Vegan “Parmesan” Sprinkle

When I was vegan, the only things I ever missed were ice cream and cheese. Of all the cheeses, I missed in particular the joy of sprinkling Parmesan over pasta. If you know me well, you know that in my universe noodles are merely vehicles for Parmesan.  That is why I worked extra hard to concoct a sprinkleable substance that is equally satisfying and totally dairy-free. It features nutritional yeast, which some folks use straight up as a Parm replacement, but this simple recipe yields a much more complex flavor. I realize that some readers may think to themselves, “So what exactly IS this mysterious, golden, flakey substance of which you so often speak, you freaky hippie?” Well, ponder no more – I’ve finally done the research, and I am here to explain the phenomenon that is Saccharomyces cerevisiae.

I have a personal rule of thumb not to trust any food or body care product that is packaged with horrendous graphic design and covered in health claims. If the company cannot be bothered to invest in a sound and aesthetically pleasing package, of what quality is the product it contains? But there are two exceptions that I make: Dr. Bronner’s liquid castile soap and Bragg’s Nutritional Yeast.  When it comes to the latter, I just have to believe that the Drs. Bragg feel the need to explain at length why any consumer should be moved to purchase their product. It sounds odd, it looks odd, it smells odd, and the first time you try it, well… it’s delicious, but an unfamiliar flavor. Some describe it as “nutty” or “cheesy.” Like I tell everyone that I lead into a nutritional yeast addiction, it grows on you. Don’t believe me? Try it on popcorn just once.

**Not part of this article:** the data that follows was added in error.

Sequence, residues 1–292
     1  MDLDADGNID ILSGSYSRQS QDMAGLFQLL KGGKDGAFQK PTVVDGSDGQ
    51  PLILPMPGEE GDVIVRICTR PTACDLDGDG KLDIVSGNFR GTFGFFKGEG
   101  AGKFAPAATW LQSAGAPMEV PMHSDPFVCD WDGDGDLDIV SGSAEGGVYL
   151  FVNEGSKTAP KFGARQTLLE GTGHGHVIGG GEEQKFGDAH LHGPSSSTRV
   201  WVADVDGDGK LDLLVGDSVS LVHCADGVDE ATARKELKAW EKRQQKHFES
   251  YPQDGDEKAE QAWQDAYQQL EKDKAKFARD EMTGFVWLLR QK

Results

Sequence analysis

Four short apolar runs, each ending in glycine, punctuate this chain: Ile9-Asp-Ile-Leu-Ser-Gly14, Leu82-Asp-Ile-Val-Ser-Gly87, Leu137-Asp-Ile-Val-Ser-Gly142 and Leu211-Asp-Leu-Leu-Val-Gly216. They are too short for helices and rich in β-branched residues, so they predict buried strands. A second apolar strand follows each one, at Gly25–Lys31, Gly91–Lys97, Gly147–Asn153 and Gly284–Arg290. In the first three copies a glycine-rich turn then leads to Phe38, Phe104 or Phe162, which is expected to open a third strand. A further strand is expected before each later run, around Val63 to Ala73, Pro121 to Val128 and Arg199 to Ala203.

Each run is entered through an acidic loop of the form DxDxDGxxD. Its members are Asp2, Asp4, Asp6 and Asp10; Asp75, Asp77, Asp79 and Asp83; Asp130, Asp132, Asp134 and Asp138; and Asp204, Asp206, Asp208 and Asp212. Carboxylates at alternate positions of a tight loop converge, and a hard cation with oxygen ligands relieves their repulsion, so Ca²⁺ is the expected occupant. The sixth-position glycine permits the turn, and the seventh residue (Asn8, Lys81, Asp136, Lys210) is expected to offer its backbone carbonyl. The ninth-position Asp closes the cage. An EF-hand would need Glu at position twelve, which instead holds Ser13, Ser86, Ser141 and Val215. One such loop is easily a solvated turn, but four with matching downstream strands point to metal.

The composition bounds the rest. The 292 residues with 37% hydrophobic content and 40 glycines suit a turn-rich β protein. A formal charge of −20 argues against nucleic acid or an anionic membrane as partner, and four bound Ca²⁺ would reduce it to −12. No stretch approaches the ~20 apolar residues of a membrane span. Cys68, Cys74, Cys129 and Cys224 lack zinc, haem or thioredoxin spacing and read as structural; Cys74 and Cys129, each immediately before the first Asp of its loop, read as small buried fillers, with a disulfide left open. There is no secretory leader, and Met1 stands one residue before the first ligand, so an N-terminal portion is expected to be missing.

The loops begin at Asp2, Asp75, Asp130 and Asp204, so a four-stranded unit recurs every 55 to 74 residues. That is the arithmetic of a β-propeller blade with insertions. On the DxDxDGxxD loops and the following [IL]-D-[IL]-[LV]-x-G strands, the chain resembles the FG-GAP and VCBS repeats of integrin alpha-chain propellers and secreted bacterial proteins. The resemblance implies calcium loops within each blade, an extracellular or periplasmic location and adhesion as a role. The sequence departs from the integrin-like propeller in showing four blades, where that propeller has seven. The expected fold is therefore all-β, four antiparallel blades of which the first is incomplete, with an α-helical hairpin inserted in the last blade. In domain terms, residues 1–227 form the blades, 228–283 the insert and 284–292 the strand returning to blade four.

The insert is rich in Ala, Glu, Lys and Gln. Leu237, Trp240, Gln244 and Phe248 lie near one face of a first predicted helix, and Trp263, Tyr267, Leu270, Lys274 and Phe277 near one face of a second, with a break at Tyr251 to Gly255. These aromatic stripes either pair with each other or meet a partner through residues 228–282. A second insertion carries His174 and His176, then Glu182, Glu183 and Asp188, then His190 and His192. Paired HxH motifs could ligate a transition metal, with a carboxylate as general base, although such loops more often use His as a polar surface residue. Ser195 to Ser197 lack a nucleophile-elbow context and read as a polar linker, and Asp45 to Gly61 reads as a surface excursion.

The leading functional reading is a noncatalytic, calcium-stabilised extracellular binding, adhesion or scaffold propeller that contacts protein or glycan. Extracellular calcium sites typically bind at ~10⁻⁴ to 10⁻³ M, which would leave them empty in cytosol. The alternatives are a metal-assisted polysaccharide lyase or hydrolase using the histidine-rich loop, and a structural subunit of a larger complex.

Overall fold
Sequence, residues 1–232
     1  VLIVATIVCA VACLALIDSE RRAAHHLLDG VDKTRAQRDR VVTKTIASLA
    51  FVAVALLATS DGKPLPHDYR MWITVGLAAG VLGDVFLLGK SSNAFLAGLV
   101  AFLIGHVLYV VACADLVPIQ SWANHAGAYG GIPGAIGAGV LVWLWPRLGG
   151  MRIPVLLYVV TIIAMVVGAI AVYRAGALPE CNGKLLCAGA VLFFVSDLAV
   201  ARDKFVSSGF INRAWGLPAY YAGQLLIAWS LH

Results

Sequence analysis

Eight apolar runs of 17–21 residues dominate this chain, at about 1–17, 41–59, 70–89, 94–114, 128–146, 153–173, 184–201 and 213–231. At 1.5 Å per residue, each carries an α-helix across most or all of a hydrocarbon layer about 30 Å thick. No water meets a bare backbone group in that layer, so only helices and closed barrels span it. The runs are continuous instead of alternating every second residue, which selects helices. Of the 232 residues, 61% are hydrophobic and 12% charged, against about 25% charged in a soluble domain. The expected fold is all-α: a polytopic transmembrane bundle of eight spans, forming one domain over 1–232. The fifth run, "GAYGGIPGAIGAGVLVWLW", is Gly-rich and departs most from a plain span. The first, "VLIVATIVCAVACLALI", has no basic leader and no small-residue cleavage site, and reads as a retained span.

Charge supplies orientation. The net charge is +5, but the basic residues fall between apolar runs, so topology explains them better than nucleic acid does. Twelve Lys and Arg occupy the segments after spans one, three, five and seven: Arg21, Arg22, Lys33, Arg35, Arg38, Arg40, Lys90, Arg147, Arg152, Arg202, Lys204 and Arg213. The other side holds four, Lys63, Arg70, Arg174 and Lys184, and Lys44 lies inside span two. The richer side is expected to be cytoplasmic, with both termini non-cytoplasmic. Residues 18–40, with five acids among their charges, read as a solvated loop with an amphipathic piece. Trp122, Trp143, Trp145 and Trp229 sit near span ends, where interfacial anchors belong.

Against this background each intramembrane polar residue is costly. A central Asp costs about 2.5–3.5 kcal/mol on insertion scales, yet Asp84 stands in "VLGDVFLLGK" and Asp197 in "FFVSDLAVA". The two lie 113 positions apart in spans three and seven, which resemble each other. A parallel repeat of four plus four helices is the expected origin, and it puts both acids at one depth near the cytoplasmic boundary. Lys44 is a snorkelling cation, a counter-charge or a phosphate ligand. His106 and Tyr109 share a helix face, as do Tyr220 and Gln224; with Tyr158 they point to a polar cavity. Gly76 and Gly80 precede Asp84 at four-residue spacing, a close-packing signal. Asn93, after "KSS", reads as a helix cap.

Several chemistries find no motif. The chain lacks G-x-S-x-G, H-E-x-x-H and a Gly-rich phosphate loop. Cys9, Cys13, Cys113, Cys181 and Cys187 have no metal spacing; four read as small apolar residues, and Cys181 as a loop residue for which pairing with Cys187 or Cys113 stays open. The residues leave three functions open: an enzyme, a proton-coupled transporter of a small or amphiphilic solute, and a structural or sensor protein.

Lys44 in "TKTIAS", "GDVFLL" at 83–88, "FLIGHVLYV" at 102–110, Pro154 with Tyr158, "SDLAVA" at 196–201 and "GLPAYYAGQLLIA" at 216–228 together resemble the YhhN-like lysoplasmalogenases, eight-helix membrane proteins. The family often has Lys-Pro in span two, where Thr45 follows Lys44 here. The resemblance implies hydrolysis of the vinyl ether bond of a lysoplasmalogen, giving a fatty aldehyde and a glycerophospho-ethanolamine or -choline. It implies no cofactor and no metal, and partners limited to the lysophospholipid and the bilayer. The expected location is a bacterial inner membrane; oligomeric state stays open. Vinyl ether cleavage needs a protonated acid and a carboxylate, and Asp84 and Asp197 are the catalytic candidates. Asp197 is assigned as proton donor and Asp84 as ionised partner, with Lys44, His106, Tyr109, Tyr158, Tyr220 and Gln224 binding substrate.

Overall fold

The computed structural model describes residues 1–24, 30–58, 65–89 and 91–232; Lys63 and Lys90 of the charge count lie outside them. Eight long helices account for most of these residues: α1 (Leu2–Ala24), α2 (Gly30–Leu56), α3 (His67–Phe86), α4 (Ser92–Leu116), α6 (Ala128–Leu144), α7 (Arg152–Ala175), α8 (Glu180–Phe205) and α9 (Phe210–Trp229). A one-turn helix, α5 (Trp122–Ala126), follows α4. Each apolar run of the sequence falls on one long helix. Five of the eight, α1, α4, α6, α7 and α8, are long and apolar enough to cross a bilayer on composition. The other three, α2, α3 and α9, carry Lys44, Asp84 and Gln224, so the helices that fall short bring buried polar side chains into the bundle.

Nutritional yeast is the same kind of yeast used to raise bread, though it is a different strain.  It is grown on a bed of glucose (usually beet sugar or molasses), washed in liquid form, pasteurized, and then dried on rollers and cut into the flakes in which it is sold at most health food stores. This product is so packed with vitamins and minerals that it definitely reserves the right to use the adjective “nutritional” in its name. The B-vitamins are its claim to fame, and it is also a sodium-free, fat-free, complete protein. This shining star is rarely consumed outside of a vegetarian context, but I think it should be in everyone’s pantry.

Yield: About 1 cup

½ cup walnuts
½ cup pistachios, shelled
2 to 3 Tbsp. nutritional yeast
½ to 1 tsp. sea salt
1 tsp. garlic powder

Notes: If you use salted nuts, omit the sea salt.  This is one of the only instances in which I actually prefer to use garlic powder over fresh garlic.

1. Combine all ingredients in a food processor and process on high for about two minutes, or until pleasantly powdery.

3. Keep refrigerated and use as a topping on pastas, salads, roasted veggies, and almost anything else.

For dinner tonight, I drizzled olive oil over ziti and baked kabocha squash, and topped that liberally with vegan parm.